3.3.1. Moving TRW–Climate Correlations

The interdependence of TRW and climate variables alternated during the investigated period at least once from positive to negative correlation or vice versa. Phases with significant correlations without these alternations did not exceed ca. 50 years, and most of the periods were distinctly shorter. To characterize the changes, we consider periods of at least four consecutive significant 31-year windows.
There was a period of positive correlations of TRW and summer temperature (August: 1941–2001; June: 1940–1976). Negative correlations of TRW and temperature occurred in spring (February to May) from the beginning of the 1970s until the end of the investigated period (2012, cf. Figure 6).
TRW and March precipitation correlated negatively during the mid-20th century. This relation inverted and shifted by one month, resulting in a positive correlation of TRW and April precipitation from 1972 until the end of the investigated period. TRW and July precipitation correlated negatively at about the same time. In addition, there were several significant correlations of TRW and previous year’s climate variables (cf. Figure 6). In summary, both TRW–temperature and TRW–precipitation moving windows showed a fragmented pattern of significant tree growth–climate relationships with long insignificant phases.

3.3.2. Moving BI–Climate Correlations

The BI–temperature correlations showed a more stable, less fragmented pattern in comparison to TRW–temperature relations (Figure 7): there were long periods of rather strong positive BI–temperature correlations in all months of the current growth year except January and July. This pattern lost strength and significance from the ca. 1970s onwards, and current January and February showed windows with negative BI–temperature correlations from 1976 until the end of the investigated period.
The correlations of BI with precipitation showed a smaller number of significant periods (Figure 7): from 1927 to 1976 BI and September precipitation correlated positively. This relation was replaced by a negative BI–August precipitation correlation lasting from 1946 to 1990. Negative correlations of BI and precipitation occurred in late spring and summer (May, June: 1978–2012, July: 1969–2003). In addition, there were several significant positive correlations of BI and previous year’s climate, especially temperature, with the longest and most significant ones in November and December (cf. Figure 7). In summary, a similar change in BI–climate correlations as in the case of TRW in the second half of the 20th century is obvious, however, without reaching comparable significant correlation coefficients during the period after 1970s.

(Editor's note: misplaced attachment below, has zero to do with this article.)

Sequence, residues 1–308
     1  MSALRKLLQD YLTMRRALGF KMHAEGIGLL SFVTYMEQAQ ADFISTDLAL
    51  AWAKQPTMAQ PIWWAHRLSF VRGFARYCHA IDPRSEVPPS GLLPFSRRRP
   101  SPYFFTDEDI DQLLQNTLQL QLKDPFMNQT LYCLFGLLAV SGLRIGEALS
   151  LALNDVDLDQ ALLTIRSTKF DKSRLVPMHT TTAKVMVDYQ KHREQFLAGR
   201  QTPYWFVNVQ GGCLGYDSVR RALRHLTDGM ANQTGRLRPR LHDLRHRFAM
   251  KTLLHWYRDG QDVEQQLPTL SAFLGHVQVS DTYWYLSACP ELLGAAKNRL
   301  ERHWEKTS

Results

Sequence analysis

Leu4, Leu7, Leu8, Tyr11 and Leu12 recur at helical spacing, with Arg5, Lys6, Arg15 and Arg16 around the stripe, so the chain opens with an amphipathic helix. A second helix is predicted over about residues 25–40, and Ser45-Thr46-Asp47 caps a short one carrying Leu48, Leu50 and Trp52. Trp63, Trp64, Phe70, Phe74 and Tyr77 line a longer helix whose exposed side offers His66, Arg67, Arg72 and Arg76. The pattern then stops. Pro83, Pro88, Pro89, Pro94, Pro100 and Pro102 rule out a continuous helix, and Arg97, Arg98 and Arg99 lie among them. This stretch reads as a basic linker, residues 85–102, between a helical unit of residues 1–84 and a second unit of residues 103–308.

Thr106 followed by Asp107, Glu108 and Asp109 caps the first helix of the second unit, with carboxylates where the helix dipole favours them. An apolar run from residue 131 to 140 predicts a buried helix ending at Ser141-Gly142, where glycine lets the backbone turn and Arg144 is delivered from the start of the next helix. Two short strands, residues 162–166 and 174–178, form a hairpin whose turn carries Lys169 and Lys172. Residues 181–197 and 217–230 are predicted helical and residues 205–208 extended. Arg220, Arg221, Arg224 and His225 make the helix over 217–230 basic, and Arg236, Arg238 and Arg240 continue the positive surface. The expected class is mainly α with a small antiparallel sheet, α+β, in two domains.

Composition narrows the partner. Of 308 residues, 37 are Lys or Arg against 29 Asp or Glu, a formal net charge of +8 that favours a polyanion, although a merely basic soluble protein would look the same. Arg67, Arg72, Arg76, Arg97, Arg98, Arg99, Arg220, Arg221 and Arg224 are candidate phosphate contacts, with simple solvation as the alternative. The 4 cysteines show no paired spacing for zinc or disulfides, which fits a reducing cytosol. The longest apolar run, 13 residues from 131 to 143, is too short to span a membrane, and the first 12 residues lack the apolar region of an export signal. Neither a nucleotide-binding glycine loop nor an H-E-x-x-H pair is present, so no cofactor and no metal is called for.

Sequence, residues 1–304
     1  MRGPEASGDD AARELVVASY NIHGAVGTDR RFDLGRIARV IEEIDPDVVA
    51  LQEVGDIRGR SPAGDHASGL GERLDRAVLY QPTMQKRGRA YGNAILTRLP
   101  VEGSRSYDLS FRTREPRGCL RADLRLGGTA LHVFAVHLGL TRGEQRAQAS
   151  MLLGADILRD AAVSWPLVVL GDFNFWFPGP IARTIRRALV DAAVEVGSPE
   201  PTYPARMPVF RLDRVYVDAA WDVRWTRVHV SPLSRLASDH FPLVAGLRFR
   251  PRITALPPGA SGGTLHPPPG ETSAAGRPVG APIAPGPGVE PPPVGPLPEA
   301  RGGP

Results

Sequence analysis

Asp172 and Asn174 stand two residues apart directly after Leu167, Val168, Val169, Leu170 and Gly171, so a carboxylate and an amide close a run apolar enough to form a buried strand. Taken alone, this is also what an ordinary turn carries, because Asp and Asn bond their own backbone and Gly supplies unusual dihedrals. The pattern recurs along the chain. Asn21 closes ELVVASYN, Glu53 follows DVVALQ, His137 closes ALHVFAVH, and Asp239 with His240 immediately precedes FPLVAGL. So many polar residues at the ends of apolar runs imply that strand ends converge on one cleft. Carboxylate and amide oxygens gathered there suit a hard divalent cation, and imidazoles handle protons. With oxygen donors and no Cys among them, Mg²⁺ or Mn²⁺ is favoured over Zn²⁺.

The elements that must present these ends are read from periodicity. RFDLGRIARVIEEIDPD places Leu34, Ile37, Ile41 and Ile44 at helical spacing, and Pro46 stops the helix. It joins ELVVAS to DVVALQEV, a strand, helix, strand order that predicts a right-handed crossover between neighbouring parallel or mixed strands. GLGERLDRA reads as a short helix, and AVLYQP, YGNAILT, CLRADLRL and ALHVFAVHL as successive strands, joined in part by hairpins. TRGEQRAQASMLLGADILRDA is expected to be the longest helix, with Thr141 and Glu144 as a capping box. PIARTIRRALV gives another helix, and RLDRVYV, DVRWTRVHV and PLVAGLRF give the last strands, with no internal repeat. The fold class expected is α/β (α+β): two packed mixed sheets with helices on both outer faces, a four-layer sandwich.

3.4. Static Correlations of TRW and BI Chronologies with Climate in the Period 1972–2012

3.4.1. Static TRW–Climate Correlations

Radial growth, measured by TRW, and climate variables showed continuously strongest correlations towards the end of the investigated period. Evolving windows of TRW–climate and BI–climate relations (Figure A4 and Figure A5) showed that the stable periods from 2012 backwards differ in length, depending on the considered combination of climate variable and month. On average, 1972 was identified as the onset of the phase of stable correlations. Thus, it can be considered to represent the beginning of the most recent era of Abies spectabilis TRW and BI (see Section 3.4.2) in our study area.
We found significant static correlations of TRW with climate variables mainly during winter and spring for both single months and seasons of recent decades (Figure 8). The correlation analyses showed a significantly negative relationship between radial growth and mean (r = −0.46), minimum (r = −0.38) and maximum temperature (r = −0.47) for the current year’s pre-monsoon season (March–May). Moreover, we detected significant negative correlations of mean (r = −0.32) and maximum (r = −0.35) temperature during winter prior to the current growing season (December–February) (Figure 8).
Precipitation sums and TRW correlated significantly positively during current January (r = 0.31) and April (r = 0.35). The current monsoon season (June–August) exhibited a significant negative correlation of radial growth and precipitation sum (r = −0.33) (Figure 8). We found significantly positive correlations of TRW to one-month SPEI variables (January: r = 0.27, April r = 0.33) (Figure 8) pointing to pre-monsoon moisture sensitivity, in line with the relations of TRW to temperature and precipitation.